Blogs headlights, Exploring Europe 2016
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The blower of Fano

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You never know what you’ll find on Fanø island. On Nordby’s main road, a pretty house with coloured windows hides at the back of a small courtyard. This is where glass blower Charlotte La Cour lives and works.

© Bertrand Lawal

© Bertrand Lanneau

Despite what her name might suggest, Charlotte is definitely Danish and only speaks a little French learned during her travels. She has been a glass blower for 20 years, 16 of which have been on Fanø.

© Bertrand Lawal

© Bertrand Lanneau

The first things you see when entering her boutique/workshop are the large glass-making furnaces. The largest and hottest is 1130° and stays lit around the clock because it takes an entire week to bring it up to the right temperature. She only turns it off when she goes on holiday.

© Bertrand Lawal

© Bertrand Lanneau

She gets her glass from the United States in small, ice cube-sized blocks. She melts these in the large furnace and the molten glass turns honey-coloured.

© Bertrand Lawal

© Bertrand Lanneau

Ronja, her daughter and assistant, uses a large rod to collect a bubble of melted glass that Charlotte kneads and forms into the desired shape. Sometimes she dips it in coloured powder derived from sand, or in crushed glass. Both of them use their long hollow rods to move the molten glass in and out of the furnaces.

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© Bertrand Lawal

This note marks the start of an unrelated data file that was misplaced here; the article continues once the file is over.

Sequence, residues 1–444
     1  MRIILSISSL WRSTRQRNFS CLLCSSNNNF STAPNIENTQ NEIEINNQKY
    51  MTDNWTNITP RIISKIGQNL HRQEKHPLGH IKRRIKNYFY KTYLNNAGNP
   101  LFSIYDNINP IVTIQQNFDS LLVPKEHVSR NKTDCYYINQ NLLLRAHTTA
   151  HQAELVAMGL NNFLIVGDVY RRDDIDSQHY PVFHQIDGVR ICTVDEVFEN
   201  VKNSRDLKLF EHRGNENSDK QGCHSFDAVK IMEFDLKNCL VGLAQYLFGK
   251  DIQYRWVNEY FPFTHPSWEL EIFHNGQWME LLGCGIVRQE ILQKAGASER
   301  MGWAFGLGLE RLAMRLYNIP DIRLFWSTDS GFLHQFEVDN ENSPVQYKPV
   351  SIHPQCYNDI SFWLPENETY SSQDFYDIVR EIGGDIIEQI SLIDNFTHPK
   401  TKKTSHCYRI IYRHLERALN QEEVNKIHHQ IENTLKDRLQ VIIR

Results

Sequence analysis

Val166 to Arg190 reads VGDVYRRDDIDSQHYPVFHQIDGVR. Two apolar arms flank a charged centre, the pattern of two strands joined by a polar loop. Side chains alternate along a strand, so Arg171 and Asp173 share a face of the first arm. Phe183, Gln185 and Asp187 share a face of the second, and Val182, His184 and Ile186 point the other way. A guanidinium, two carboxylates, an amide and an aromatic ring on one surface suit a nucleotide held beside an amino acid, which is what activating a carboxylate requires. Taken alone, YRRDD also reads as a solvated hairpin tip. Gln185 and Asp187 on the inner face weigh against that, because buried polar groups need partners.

© Bertrand Lanneau

It looks like a complicated dance, with each of their moves precisely organised and choreographed. Occasionally, Charlotte blows into her rod, which lengthens the glass bubble and gives it a more cylindrical shape. The powders placed inside the glass create spiral galaxies in the material. “Glass is alive, moving, running all the time. It’s funny to think about it.” It’s fascinating to watch her flatten, pull, cut, hollow, and spread the glass

© Bertrand Lawal

© Bertrand Lanneau

Once she finishes the object, Charlotte puts it in the cooling furnace, which is still 500°C, where it slowly cools all day long. At night, she turns this furnace off so the object can continue cooling before it’s moved to the store shelves. Kristiane takes over in the boutique, welcoming clients, making sales, and packing the fragile objects. The shelves are filled with bowls, glasses, candlesticks, vases, jars, and jewellery in all shapes and sizes. Each object is unique. Charlotte’s hand and breath never create the same piece twice.

© Bertrand Lawal

© Bertrand Lanneau

It’s the same with the stories of her European hitch-hiking or truck adventures that she enjoys sharing with us. If you ever have the chance, cross her courtyard and you will also be enchanted by her art and her smile.

Fanø glaspusteri
Charlotte La Cour
Landevejen 60, Sønderho 6720 Fanø, Denmark
http://www.fanoeglaspusteri.dk/


[On the road, at the 55°20’58.0″N and 8°28’02.4″E]

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